Purchase Links: Amazon | Books-A-Million | Barnes & Noble

Wednesday, April 11, 2018

Worth Killing For by Jane Haseldine

Happy Wednesday, readers! Today I'm a stop on the TLC blog tour for Jane Haseldine's latest Julia Gooden mystery, Worth Killing For.

A politician's nephew has been murdered and Julia Gooden is tasked with covering the story. An investigative reporter, Julia can't help but dig into the mystery surrounding the murder of Angel Perez, especially when evidence seems to support a serial killer who's been long silent. 

But her latest story is hampered by the realization that her con man father has returned to Detroit. Not only does his return leave a bad taste, so to speak, it brings up memories of a mystery much closer to home - the disappearance of her own brother. 

As it turns out, this new murder may be connected in some way and may finally offer Julia some closure. But her father's return also means Julia is a target of the very people he made enemies of so long ago. 

Interestingly enough, Worth Killing For is the third in the Julia Gooden series. Considering I was unfamiliar with the books, it's a good thing this latest makes for an easy starting point!

Julia is a tough as nails reporter - she'd have to be to have come out of the disaster of a childhood she grew up in. Her own sister wasn't so lucky and the disappearance of her brother has haunted her all these years.

When you add together the mystery of Ben's disappearance - the coldest of cold cases where one of the main witnesses (Julia herself) has literally no memory of the crime - with the bizarre beginning of the book, you have the makings of a gripping story.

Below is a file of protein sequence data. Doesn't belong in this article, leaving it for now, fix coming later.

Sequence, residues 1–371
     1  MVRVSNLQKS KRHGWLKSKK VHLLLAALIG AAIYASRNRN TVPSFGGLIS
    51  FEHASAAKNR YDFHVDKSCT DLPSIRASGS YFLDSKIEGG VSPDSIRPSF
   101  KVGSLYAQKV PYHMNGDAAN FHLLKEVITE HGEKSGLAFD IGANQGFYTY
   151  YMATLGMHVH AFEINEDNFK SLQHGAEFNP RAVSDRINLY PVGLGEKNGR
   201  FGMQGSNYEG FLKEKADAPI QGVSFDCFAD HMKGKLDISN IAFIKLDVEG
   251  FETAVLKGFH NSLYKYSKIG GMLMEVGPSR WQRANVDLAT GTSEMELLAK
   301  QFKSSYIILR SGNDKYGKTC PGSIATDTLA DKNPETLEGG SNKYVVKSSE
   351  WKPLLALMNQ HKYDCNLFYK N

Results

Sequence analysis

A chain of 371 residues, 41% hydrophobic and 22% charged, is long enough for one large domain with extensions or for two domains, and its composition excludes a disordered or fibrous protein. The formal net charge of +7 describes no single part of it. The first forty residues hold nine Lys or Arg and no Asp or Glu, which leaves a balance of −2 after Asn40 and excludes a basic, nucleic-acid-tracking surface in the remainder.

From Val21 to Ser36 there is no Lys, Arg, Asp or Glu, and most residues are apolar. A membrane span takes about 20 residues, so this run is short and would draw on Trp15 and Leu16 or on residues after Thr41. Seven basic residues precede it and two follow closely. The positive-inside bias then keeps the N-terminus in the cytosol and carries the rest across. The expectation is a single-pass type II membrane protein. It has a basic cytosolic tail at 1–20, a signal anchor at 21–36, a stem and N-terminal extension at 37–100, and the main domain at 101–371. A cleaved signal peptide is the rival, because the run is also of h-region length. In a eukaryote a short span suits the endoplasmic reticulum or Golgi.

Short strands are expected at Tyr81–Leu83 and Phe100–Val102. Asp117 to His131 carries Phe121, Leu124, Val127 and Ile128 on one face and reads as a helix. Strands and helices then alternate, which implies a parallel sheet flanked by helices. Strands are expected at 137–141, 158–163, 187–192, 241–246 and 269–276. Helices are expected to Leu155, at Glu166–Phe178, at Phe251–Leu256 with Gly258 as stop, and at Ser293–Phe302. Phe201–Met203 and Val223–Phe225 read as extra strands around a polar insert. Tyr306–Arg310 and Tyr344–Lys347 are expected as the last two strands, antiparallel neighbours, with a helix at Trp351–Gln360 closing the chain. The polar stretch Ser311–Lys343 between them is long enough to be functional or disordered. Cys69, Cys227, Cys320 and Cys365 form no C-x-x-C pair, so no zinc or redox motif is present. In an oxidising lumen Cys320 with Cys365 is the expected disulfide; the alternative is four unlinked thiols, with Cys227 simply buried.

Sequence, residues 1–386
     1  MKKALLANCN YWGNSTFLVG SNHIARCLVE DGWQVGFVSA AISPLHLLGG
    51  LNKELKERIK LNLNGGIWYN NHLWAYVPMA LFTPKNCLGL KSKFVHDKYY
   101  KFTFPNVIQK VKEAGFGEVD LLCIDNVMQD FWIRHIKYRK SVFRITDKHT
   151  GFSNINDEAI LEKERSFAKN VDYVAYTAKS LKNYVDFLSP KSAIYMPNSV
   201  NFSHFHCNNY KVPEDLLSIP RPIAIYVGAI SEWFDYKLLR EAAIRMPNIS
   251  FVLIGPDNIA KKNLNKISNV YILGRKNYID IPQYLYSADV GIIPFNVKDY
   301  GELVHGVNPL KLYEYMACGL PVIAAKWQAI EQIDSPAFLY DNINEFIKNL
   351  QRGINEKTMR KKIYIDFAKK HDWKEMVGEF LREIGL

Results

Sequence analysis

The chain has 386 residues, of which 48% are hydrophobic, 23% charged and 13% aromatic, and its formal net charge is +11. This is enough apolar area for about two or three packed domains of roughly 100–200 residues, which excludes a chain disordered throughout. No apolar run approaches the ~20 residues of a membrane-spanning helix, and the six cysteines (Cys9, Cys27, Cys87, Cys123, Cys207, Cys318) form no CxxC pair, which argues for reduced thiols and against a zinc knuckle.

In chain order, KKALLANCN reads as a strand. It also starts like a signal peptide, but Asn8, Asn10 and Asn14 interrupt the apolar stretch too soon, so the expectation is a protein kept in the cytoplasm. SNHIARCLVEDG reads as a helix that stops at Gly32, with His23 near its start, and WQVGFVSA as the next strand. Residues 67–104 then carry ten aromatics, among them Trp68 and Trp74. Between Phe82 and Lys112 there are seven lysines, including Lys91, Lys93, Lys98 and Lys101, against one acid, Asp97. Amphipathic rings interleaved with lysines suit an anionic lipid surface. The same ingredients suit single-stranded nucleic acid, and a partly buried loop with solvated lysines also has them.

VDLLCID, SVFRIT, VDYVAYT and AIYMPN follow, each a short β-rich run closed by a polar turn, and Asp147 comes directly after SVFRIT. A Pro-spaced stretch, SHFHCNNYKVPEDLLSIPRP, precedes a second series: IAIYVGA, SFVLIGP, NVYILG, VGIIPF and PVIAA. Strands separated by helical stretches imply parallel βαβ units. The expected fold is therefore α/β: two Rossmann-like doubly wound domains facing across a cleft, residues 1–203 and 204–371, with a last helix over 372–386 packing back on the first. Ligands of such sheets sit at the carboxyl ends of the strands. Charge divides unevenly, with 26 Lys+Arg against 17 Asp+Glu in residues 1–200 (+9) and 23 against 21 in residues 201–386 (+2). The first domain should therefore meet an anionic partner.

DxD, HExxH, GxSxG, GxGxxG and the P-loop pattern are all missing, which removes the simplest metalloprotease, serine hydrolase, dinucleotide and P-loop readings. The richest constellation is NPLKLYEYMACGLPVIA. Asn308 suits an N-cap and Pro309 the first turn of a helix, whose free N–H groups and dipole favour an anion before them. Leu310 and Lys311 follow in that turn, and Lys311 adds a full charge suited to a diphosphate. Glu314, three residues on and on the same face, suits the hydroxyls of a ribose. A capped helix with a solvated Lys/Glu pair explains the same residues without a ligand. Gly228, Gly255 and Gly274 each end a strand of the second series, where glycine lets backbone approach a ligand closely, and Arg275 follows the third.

And the book begins with a bang. Angel Perez is a college student struggling to make ends meet before he gets his degree. The degree means a good job with his uncle and he's just months from finishing, but in the meantime he and his pregnant girlfriend rely on any work Angel can get. Which is why he's waiting outside the home improvement store before it's even open, hoping to get picked for day labor. Unfortunately, Angel's luck has truly run out.

Figuring out the motive for a criminal whose tactics are... bizarre, to say the least, is part of the intrigue and the draw of this book. The rest is Julia!

Again, this is the third in the series but does work well as a stand alone. My understanding is that the series opener delves a bit more into Julia's past and specifically the fact that she's unable to remember what happened when Ben was abducted. If you want to start from the beginning, the series in order, so far, is: